Over the past three years, a team of Muslim scholars have been on a mission to bring peace to the area suffering from gang and drug problems.
The scholars hold weekly dhikr sessions, an act of worship held in some sort of an open-area gathering in which they repeat the name of Allah and His attributes.
Over the last three years, there has never been a gang fight during the hour-and-a-half of worship attended by 100-400 people, the organizers say.
“It is not about the numbers. The overwhelming part is that despite all conditions we are able to have the dhikr running consistently for the past three years,” organizer Sheikh Mogamad Saalieg Isaacs said.
For Sheikh Isaacs, dialogue involving the community’s different religious leaders would be a good start: “Crime has no boundaries and does not distinguish between religion.”
Police declared Manenberg a “red danger zone” by the authorities in mid-2015 and for several months, ambulances were unable to enter the area unless escorted by the police.
However, the gangsters in certain areas will now sometimes help the Islamic scholars lay out the prayer mats at the beginning of the programs, says Sheikh Isaacs.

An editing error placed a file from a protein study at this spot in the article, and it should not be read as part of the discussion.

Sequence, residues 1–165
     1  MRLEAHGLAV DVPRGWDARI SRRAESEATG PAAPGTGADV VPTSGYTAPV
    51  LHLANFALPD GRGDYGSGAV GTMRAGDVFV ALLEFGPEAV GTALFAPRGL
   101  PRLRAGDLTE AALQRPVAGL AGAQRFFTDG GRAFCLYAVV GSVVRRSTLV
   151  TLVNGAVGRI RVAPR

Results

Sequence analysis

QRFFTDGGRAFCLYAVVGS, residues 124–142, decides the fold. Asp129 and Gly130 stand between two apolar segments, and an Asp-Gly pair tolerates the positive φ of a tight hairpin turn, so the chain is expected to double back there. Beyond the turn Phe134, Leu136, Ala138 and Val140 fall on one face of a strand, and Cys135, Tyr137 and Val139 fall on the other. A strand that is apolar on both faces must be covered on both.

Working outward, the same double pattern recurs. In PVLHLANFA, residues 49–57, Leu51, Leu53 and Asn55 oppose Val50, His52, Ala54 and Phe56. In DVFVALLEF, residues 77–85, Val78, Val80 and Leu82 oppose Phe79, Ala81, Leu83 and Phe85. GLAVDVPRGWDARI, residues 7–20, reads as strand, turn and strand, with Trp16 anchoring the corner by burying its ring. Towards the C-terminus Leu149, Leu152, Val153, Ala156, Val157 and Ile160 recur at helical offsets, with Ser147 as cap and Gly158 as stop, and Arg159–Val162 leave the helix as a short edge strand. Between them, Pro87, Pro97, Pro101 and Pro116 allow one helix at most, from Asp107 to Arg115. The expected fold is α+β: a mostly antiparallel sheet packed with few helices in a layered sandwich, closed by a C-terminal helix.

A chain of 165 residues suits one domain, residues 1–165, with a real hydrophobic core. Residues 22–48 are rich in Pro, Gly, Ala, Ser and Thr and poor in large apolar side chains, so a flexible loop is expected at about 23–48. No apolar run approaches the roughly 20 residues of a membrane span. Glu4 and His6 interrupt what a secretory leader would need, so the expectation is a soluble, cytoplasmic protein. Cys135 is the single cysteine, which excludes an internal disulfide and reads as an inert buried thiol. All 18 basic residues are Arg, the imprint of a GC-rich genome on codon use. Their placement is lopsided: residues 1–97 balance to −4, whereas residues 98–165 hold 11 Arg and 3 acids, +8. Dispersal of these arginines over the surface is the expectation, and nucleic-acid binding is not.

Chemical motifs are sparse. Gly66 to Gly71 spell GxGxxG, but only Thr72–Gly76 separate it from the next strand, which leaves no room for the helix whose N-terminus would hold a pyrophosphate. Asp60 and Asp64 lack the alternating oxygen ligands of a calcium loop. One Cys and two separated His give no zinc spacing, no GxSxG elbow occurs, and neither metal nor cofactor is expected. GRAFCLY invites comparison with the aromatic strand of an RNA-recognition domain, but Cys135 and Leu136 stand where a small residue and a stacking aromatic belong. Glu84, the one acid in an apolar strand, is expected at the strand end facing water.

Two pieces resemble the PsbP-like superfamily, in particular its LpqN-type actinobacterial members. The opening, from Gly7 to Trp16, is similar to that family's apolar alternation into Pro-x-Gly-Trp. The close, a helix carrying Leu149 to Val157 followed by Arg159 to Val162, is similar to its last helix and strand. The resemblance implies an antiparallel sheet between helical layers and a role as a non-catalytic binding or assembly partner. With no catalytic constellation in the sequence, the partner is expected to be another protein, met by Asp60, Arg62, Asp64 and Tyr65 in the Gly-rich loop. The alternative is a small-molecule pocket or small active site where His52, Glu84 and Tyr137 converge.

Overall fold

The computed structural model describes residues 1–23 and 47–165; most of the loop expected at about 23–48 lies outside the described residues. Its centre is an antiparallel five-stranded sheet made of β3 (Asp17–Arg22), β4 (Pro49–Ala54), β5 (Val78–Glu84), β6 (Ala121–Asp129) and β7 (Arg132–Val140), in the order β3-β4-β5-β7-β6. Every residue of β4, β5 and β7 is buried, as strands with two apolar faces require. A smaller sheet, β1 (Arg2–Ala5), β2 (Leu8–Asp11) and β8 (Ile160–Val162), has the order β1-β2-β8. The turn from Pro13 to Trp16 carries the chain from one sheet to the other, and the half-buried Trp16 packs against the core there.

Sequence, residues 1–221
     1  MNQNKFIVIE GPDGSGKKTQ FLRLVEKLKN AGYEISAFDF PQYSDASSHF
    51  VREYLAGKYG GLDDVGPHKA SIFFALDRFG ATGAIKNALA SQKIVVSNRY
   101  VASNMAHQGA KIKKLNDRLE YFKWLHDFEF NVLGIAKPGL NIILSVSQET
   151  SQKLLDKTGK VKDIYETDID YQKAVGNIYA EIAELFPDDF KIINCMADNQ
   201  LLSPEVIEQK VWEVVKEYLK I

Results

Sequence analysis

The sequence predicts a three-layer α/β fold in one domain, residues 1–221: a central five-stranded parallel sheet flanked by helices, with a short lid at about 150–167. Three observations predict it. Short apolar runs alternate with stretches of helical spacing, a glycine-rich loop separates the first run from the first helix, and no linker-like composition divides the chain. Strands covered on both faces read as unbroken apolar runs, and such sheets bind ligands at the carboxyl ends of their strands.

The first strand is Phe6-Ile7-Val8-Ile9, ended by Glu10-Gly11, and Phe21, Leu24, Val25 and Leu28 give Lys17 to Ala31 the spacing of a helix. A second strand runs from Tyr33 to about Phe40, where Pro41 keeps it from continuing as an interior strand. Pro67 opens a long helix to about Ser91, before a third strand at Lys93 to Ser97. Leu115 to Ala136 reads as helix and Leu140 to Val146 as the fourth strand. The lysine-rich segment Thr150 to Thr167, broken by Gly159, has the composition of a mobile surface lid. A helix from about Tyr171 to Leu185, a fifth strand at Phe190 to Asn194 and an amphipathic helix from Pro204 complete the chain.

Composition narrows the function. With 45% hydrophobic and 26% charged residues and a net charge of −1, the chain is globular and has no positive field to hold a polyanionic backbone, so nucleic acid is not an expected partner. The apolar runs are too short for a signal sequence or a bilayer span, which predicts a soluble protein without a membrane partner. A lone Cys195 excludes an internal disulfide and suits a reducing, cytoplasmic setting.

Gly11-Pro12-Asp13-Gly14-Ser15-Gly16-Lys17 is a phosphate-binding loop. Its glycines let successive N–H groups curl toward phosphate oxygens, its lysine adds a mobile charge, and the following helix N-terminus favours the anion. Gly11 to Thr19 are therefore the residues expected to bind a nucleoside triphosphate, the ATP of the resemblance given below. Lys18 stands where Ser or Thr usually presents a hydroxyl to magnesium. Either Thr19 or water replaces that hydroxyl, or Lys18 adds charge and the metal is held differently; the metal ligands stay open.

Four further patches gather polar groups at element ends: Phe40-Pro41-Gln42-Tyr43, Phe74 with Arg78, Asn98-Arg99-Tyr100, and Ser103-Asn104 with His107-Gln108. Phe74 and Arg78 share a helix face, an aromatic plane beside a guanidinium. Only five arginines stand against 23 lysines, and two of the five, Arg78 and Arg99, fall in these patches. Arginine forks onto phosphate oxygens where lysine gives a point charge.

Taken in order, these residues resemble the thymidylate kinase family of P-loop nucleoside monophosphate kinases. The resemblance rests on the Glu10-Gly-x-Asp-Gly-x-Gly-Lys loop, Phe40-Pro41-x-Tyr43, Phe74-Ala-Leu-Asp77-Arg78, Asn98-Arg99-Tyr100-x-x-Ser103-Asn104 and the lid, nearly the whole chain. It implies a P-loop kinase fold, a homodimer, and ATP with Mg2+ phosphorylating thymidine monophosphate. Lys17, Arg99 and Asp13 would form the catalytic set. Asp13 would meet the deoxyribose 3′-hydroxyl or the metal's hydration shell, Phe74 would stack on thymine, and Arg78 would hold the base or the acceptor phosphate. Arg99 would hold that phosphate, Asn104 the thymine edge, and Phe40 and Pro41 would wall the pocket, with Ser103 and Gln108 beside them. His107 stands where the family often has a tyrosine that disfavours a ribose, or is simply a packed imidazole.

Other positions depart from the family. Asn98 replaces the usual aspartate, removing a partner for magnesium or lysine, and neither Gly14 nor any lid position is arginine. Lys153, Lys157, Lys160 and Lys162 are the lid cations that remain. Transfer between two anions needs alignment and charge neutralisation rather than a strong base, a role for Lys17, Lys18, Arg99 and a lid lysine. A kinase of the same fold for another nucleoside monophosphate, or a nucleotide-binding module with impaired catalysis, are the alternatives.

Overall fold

“There was a specific period between 2018 and 2019 where crime in Manenberg decreased during the time we were having the dhikr programs,” he says.
The Muslim scholars have received an award from the police in Manenberg for the role the dhikr sessions play in the community.
“We only do it once a week. If we could host the dhikr programs every day it would have a tremendous effect, but because of logistical reasons we cannot.”
Based on Pew’s 2010 report, Muslims accounted for 1.5% of the South African population, with the Muslim community comprising mainly those who are described as Coloreds and Asians.
Black and white South African converts as well as others from different parts of Africa joined them. Islam might be the fastest-growing religion of conversion in the country, with the number of black Muslims growing sixfold, from 12,000 in 1991 to 74,700 in 2004.